Another explanation in video form is here.

And while I’m at it here’s a nice look at A Walk though Time.

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New Horizons Has a Problem

The Johns Hopkins University Applied Physics Laboratory lost contact with the New Horizons spacecraft for a little less than two hours yesterday. The bump in the road to Pluto came at 17:54 UTC yesterday.

The internal systems onboard the New Horizons spacecraft responded to the problem putting the spacecraft into “safe mode” and reiniitiated comminications with backup computer. Communications was restored at 19:15 UTC.

A New Horizons Anomaly Review Board was convened at 20:00 UTC to gather information on the problem and initiate a recovery plan based on telemtry received about the problem.

The review is ongoing, with less than 10 days to go before arriving at Pluto and the nine-hour round trip time for commmunications the Review Board is being very thoughtful about the response.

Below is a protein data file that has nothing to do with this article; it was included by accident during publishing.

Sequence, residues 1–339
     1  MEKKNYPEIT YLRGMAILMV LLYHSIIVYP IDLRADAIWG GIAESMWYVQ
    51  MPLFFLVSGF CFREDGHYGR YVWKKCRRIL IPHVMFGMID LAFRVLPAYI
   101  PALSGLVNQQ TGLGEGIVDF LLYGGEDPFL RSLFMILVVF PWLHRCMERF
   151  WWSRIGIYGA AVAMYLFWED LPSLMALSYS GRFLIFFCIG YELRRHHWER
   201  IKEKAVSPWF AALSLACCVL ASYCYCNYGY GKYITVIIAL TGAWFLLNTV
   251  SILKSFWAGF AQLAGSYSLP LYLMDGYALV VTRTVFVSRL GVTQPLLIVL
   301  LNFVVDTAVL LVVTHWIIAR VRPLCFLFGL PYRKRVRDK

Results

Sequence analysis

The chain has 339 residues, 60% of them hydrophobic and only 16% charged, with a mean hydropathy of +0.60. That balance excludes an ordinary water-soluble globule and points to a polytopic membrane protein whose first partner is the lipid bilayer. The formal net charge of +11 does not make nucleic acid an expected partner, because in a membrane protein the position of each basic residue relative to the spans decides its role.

The image below from the LORRI camera on the New Horizons was taken 03 July 2015 from a distance of 21.7 million km / 13.5 million miles.


Image: The Johns Hopkins University Applied Physics Laboratory / NASA

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Asteroid Day: Ask the ESA Experts

On Asteroid Day (30 June) ESA experts on Near-Earth Objects (NEO) and asteroids answered the public’s most insightful questions. Respondents include Ian Carnelli, AIM Project Manager, Detlef Koshny, SSA-NEO Segment Manager and Michael Kueppers, AIM Project Scientist.


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Pluto in Color


From New Horizons:

Pluto shows two remarkably different sides in these color images of the planet and its largest moon Charon taken by New Horizons on June 25 and June 27. The images were made from black-and-white images combined with lower-resolution color data. The left image shows the side of Pluto that will be seen at highest resolution when New Horizons makes its close approach on July 14. The hemisphere is dominated by a very dark region that extends along the equator. The right image is of the side that faces Charon; the most dramatic feature on this side of Pluto is a row of dark spots arranged along the equator. (The equator appears near the bottom of the images, as only about half of the planet is shown.)